Think of mindset as a lens you look through. If you look through a red lens, the world you see looks red. If you look through a blue lens, the world looks blue.
Similarly, your mindset tints the world around you and frames how you see, address, and tackle the problems around you.
This mindset tool is based on Robert Kiyosaki’s Cash Flow Quadrant, which he presented in his book “Rich Dad, Poor Dad.” He applies it to thinking about your life and finances, but it also maps perfectly to life as an MSP owner.
The four mindsets
There are four different employment/entrepreneur mindsets:
- Business owner
Which I arrange in four quadrants:
I think of the x-axis as the employment to entrepreneur axis, where you start with employment and move toward thinking like an owner and then investor.
The y-axis is the level of independence.
Most people start out as employees, which is the most dependent mindset. The next step is often to be self-employed, which is another type of employment but is significantly more independent.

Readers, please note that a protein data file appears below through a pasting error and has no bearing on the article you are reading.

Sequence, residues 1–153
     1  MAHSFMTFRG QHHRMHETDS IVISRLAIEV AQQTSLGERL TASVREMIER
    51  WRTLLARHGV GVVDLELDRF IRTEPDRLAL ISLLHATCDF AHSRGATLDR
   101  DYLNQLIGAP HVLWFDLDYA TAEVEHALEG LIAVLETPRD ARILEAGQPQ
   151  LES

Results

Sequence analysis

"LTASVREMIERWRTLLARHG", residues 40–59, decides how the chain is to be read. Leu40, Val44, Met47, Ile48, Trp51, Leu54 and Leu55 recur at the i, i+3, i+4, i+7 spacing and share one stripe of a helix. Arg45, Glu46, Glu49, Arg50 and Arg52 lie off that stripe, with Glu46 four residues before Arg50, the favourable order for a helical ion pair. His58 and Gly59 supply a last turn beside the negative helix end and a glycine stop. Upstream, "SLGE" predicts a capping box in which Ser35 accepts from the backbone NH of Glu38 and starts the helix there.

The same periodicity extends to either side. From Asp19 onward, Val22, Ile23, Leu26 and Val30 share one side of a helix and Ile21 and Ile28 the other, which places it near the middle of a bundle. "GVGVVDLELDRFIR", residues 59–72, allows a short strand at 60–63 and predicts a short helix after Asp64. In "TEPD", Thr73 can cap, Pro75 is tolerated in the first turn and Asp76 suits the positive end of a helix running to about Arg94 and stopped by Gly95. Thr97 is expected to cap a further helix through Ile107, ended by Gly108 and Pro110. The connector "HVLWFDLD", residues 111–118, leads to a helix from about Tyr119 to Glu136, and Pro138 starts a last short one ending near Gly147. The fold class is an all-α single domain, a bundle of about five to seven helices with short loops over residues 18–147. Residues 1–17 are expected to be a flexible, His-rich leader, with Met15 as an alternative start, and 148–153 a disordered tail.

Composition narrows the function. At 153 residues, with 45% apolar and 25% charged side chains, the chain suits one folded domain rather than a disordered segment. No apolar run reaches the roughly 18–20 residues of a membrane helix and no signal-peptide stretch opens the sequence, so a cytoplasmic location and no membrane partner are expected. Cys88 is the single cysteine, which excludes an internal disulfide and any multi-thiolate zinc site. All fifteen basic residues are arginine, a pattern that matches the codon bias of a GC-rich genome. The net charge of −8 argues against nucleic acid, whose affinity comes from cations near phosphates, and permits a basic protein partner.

The next step is the leap to true entrepreneurial thinking, where you become a business owner. You remain dependent on funding, clients, and the world around you, but you build your business as an entrepreneur.
The final level is investor, where you bring an entrepreneurship mindset to others. Investors are much more independent since they are not relying on one business or one way of thinking but are applying entrepreneurship thinking across a range of opportunities.
Note that when I talk about “mindset,” I am NOT talking about a way of being. I am not saying that you should be dedicated, accountable or that you should take charge and lean in.
All of that may be true, but “mindset” is a higher level than that, it is a perspective, it is how you think about and approach the opportunity that matters.
Below I go through each one of these.
The employee mindset
Almost everyone begins to approach business with an employee mindset. Generally, our first introduction to business is getting a job. My first job was at a pizza restaurant. I went into the restaurant, ordered my personal pizza, and asked for an application.